Giving hope in Melbourne during COVID-19

As the COVID-19 crisis continues in Victoria, Hope City Mission in greater Melbourne has struggled to source food for its clients from its usual networks, reaching out to Sanitarium for help.
 
The mission’s services include a foodbank, financial literacy workshops and advocacy for those in financial crisis, taking a wholistic approach to help people in the City of Maroondah and surrounding suburbs get back on their feet. The organisation services clients from all walks of life, including people recently affected by COVID-19 through lost income or fleeing domestic violence.

“Our catchcry is ‘bringing hope to our city’, whether it be food on the table or a roof over someone’s head,” said Vanessa Bonica, CEO of Hope City Mission.
 
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Since COVID-19, food scarcity has become a real concern for the organisation. Previously, a local organic bakery supplied their bread, a corporate partner donated fruit and veggie boxes, and they purchased extra necessities from Foodbank Victoria. However, they experienced a significant supply decrease earlier this year as food relief was prioritised to bushfire affected areas, which was then compounded in March when COVID-19 hit.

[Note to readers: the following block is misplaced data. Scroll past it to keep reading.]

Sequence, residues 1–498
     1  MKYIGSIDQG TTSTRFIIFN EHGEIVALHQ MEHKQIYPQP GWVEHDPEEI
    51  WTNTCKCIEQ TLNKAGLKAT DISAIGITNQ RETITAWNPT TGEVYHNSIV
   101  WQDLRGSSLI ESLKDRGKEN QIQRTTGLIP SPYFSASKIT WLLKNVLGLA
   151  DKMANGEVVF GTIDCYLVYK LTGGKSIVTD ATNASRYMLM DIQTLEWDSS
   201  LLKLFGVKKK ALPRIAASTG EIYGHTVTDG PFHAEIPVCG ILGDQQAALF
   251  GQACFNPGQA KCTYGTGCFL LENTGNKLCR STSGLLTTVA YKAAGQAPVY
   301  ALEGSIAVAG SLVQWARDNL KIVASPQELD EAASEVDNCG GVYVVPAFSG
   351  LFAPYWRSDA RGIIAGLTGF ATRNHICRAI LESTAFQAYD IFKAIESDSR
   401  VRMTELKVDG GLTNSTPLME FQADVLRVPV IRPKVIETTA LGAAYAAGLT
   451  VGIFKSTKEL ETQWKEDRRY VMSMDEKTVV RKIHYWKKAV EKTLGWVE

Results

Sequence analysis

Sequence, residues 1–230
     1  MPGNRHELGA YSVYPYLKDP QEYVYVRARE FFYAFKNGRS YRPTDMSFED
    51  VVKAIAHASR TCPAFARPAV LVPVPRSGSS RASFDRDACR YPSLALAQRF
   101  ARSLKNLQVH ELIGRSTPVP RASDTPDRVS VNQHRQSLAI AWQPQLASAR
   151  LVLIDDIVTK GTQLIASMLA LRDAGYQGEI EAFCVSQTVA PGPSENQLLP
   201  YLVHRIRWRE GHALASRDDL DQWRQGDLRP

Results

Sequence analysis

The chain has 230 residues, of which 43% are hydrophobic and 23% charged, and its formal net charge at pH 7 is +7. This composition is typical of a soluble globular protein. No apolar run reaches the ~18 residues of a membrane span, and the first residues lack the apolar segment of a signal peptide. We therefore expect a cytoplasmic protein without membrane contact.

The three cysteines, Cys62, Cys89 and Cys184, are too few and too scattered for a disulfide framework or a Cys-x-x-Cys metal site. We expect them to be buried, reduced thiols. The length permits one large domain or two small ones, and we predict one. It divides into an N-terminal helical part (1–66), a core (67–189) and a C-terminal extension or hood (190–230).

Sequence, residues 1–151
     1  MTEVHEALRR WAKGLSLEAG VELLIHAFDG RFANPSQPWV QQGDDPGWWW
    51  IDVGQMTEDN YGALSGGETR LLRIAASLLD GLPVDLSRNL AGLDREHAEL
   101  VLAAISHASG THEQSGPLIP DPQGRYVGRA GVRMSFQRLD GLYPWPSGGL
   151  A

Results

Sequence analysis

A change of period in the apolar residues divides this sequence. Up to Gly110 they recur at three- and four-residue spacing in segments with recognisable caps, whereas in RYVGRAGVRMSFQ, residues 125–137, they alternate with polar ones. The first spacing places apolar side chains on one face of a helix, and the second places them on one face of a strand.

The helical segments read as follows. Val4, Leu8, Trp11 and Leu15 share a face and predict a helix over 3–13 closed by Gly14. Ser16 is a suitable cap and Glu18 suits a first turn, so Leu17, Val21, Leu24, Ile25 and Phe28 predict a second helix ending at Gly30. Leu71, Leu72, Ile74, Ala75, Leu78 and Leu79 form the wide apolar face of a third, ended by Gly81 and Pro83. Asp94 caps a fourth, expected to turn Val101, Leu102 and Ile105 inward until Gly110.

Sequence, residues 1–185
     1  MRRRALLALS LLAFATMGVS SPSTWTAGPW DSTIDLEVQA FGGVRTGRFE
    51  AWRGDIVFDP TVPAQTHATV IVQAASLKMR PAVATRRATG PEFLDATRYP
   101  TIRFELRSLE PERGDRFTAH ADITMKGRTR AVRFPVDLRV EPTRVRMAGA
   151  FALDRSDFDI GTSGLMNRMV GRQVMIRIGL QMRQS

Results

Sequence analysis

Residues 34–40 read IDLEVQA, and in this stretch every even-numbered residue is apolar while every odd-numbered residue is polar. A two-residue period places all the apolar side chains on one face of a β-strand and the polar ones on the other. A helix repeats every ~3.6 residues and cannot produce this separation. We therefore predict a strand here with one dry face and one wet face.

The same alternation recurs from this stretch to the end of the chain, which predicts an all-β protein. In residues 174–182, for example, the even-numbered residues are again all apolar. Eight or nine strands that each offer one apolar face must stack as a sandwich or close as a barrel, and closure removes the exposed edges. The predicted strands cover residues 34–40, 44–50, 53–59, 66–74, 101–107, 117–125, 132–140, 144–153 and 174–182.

“We saw a decrease of 70%, worth $5,000 a month to replace, and we were unable to obtain supermarket vouchers. We approached food distributors but prices had escalated and it was more expensive than buying directly from the supermarket!” said Vanessa.

So Vanessa and her team contacted food suppliers, including Sanitarium, lobbied government for funding and picked up a new fruit and veggie supplier. Sanitarium has donated a total of 18,360 serves of Weet-Bix™ cereals, So Good™ dairy free milks and Sanitarium Peanut Butter to their cause.
 
Vanessa explains that receiving donations like those from Sanitarium reaffirms to the clients that they are seen as worthy and not forgotten.

“To see clients’ faces as they open up their food parcels, and more importantly their children’s faces, that’s priceless. For people who have been in horrific situations there’s no normality, yet we can still put Weet-Bix and milk on the table and peanut butter on their toast. People think it’s just food – but it’s more than food, it’s giving hope, and that’s what we’re about.”
 
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